An international survey of 803 COPD patients found that morning was the worst time of day for patients with COPD, especially those with severe disease10 (Figure 2).
Shortness of breath was the most frequently-reported symptom and had a strong correlation with performing morning activities, such as walking up and down the stairs, putting on shoes and socks and making the bed 10 (Figure 3).
The majority of patients in this study were not taking their medication in time for it to exert its optimal effect, indicating a need for long-acting medication and advice to patients on the optimal time to administer their therapy.
Other studies have also shown that the severity and nature of COPD symptoms varies over time. For example, a study of Turkish patients with COPD indicated that variability in the symptoms of dyspnoea, sputum production and cough reached a peak in the morning hours, whereas wheezing peaked at night and angina peaked during the day.12 In a Spanish study, 84% of patients with COPD reported at least one respiratory symptom in the previous week and 61% noted that their symptoms varied over the course of the day or week, with the most intense symptoms occurring in the morning.13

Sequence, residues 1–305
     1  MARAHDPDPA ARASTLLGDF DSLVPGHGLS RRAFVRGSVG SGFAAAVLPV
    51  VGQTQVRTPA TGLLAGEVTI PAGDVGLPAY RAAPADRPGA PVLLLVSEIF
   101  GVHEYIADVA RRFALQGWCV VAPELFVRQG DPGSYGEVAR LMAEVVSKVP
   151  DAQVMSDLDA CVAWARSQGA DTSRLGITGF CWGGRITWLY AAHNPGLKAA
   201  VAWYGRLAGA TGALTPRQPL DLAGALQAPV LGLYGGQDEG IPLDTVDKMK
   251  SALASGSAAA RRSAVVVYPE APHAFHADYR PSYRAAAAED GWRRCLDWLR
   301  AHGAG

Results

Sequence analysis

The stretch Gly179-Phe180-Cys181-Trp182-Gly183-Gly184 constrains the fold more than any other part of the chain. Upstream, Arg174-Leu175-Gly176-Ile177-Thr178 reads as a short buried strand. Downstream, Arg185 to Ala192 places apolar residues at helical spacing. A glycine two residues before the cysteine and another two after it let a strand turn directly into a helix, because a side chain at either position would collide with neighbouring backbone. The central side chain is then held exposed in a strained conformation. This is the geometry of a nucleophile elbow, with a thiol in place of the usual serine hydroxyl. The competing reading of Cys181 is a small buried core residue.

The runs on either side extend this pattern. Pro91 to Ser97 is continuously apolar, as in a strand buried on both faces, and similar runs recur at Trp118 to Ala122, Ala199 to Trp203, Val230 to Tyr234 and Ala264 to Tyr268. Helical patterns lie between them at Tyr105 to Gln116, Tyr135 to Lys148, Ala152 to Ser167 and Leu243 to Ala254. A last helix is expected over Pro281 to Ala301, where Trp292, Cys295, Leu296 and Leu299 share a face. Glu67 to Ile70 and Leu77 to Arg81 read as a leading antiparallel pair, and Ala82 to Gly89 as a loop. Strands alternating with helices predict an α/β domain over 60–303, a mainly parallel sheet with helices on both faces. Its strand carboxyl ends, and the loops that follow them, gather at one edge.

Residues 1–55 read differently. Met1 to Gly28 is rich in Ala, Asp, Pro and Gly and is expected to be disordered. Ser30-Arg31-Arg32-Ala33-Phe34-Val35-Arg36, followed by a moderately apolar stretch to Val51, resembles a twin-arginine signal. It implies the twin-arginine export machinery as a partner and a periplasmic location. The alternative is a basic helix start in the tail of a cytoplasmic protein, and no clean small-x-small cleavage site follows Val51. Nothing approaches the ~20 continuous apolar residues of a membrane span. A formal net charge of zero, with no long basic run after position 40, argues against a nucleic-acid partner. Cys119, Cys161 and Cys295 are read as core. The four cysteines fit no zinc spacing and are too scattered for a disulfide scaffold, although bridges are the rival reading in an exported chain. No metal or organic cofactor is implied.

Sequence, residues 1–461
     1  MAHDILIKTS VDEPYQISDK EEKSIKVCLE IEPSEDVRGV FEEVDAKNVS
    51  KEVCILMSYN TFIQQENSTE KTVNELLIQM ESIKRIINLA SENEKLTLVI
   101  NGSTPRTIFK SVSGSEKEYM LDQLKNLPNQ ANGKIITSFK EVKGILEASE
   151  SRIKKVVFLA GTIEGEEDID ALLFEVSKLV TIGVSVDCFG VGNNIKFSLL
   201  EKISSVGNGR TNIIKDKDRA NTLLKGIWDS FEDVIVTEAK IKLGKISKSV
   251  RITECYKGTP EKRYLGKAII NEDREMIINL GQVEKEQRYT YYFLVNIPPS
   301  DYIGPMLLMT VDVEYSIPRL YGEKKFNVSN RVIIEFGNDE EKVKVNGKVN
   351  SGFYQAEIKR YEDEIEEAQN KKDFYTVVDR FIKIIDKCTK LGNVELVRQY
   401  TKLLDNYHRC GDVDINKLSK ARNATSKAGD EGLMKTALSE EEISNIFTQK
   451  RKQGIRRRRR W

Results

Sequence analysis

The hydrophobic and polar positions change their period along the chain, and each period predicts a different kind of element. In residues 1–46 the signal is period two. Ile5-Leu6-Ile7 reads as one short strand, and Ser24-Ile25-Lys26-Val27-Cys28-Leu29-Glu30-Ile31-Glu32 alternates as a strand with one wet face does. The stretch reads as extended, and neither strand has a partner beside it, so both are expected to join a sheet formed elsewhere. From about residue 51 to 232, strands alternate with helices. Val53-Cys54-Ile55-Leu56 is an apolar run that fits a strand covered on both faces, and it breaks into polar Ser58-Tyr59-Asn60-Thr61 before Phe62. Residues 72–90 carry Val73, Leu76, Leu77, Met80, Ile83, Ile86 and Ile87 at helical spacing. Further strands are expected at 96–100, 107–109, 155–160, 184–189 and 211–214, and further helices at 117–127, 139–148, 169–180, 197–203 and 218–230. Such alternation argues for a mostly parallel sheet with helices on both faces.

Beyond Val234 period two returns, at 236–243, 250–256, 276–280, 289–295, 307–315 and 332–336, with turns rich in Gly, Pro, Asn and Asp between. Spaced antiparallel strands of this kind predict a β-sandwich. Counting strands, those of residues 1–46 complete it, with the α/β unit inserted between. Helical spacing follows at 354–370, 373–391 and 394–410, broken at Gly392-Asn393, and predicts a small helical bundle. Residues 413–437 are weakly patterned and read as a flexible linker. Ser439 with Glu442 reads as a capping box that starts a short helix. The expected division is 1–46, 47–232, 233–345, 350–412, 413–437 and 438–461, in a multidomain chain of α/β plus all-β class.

The impact of the common COPD symptoms on patients’ lives was evaluated in a recent survey that revealed that these symptoms significantly affect patients’ routine activities, such as waking and carrying out simple tasks (e.g. stairs, shower, grooming, and dressing). The time to complete these simple activities was extended by 10-15 minutes for the patients, while more strenuous activities (doing morning chores around the house) took around 30 minutes longer than previously.14 The multiple symptoms have a significant impact on patient wellbeing1,3,15–19 (Figure 4).